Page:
HEALTH CARE REFORM: Health care reform turned out activists at the House Health and Human Services Reform Committee Wednesday. Framing the issue as one of “state’s rights,” GOP Rep. Steve Gottwalt (pictured) advanced his Freedom of Choice in Health Care act (HF 199), which would require Minnesota to join a lawsuit against national health reform. Gottwalt amended the bill so that it no longer blocks the early Medicaid opt-in, which some said could make the bill more palatable should it reach the governor’s desk. Still, the prospect of Gov. Mark Dayton accepting a bill taking aim at the federal health law, which he’s stridently supported so far, is questionable. Longstanding health care activist Twila Brase appeared in support of Gottwalt’s bill, joined by a standing-room only crowd.
TEA PARTY TAKES: Tea Party activist/radio host Sue Jeffers called Gottwalt a “chicken” because he canceled testimony on another bill slated to be heard in the Health and Human Services reform Committee. That bill, HF 497, would enable the state to create health care exchanges. Jeffers said the bill was set to be heard first on the hearing agenda but was moved to last, and groused that Gottwalt had not returned a phone call to discuss the bill. We heard from those in the loop that Gottwalt postponed the meeting because he was afraid of not getting a quorum if he held a 6 p.m. meeting.
BUDGET BITS: A former Pawlenty-era appointee turned lobbyist pointed to a concern with Gov. Mark Dayton’s budget proposal. With the downturn in the housing market, she mused, is a $1 million home now an $800,000 home? And how does the state determine the value – on an assessment made in prior years, or on true, current market value?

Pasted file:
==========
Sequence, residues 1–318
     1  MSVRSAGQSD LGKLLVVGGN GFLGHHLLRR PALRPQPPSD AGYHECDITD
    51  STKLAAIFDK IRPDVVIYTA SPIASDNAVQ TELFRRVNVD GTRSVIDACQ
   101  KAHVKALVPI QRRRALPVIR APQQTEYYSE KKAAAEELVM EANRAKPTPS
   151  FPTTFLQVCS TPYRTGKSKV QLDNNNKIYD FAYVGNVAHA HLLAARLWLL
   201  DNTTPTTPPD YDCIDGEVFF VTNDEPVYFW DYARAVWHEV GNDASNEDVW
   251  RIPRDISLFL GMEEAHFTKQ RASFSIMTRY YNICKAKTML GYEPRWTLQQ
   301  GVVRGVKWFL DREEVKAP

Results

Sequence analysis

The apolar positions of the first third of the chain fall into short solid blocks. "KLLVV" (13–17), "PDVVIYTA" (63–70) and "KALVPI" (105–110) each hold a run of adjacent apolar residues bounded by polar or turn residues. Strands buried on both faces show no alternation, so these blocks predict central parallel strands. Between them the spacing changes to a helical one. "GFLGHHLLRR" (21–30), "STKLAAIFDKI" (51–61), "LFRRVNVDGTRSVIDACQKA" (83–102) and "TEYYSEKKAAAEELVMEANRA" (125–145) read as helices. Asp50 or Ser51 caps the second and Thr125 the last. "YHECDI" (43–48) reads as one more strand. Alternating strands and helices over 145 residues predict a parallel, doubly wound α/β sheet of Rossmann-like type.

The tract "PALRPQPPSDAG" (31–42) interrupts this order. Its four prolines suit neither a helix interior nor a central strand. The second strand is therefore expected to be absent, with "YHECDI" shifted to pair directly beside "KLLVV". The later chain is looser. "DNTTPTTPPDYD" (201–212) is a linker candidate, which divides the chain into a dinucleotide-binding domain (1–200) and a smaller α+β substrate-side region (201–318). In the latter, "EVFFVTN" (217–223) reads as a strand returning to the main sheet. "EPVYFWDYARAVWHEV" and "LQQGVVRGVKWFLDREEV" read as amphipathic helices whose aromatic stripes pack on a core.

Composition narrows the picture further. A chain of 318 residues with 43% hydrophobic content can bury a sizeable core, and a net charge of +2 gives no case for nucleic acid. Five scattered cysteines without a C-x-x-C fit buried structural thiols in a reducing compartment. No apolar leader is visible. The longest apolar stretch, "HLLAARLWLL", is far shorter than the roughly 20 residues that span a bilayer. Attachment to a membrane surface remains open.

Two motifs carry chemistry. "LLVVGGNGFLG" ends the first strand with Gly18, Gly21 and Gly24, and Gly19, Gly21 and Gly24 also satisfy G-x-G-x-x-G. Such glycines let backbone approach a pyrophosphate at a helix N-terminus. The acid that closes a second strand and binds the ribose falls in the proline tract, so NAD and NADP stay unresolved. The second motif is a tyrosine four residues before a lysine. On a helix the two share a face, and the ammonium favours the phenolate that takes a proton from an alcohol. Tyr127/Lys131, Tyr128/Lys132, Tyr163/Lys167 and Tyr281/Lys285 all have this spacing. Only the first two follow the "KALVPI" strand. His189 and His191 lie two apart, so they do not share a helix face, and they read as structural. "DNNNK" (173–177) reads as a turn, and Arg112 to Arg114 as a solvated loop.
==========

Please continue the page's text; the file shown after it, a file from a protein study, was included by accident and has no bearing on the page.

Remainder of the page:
WEDNESDAY’S COMMITTEE ACTIONS
HF 12: Changes to Green Acres program. Laid over in Property and Local Tax Division.
HF 199: Freedom of Choice in Health Care Act. Passed Health and Human Services Reform Committee. Referred to Government Operations and Elections.
HF 206: Changing the permanent school fund advisory committee membership. Passed Government Operations and Elections Committee. . Referred to House floor.
HF 211: Modifying unlawful trade practice actions. Passed Civil Law Committee. Referred to Judiciary.
HF 250: Changing claims against the state provisions. Passed Civil Law Committee. Referred to Ways and Means.
HF 262: Adding community paramedics to list of community health workers. Passed Health and Human Services Reform Committee. Referred to Ways and Means.
HF 299: Establishing an executive branch agency retained savings program. Passed Government Operations and Elections Committee. Referred to State Government Finance.
HF 370: Modifying youth intervention program grants. Laid over by Public Safety and Crime Prevention Policy and Finance Committee.
HF 387: Allowing Counties to participate in driver’s license reinstatement diversion pilot programs. Passed Public Safety and Crime Prevention Policy and Finance Committee. Referred to Judiciary.
SF 14: Establishing a Ramsey County outcome-based personal care assistance pilot project. Laid over by Health and Human Services Committee.
SF 114: Modifying unemployment insurance eligibility. Passed Finance Committee. Sent to Senate floor.
SF 203: Establishing an early graduation achievement scholarship program. Laid over in Education Committee.
SF 243: Fairness for Responsible Drivers Act. Passed Commerce and Consumer Protection Committee. Referred to Judiciary.
SF 268: Freezing and regulation of tuition increases at the University of Minnesota and MnSCU. Laid over by Higher Education Committee.
SF 299: Clarifying home solicitation sales regulation exclusion. Passed Commerce and Consumer Protection Committee. Sent to Senate Consent Calendar.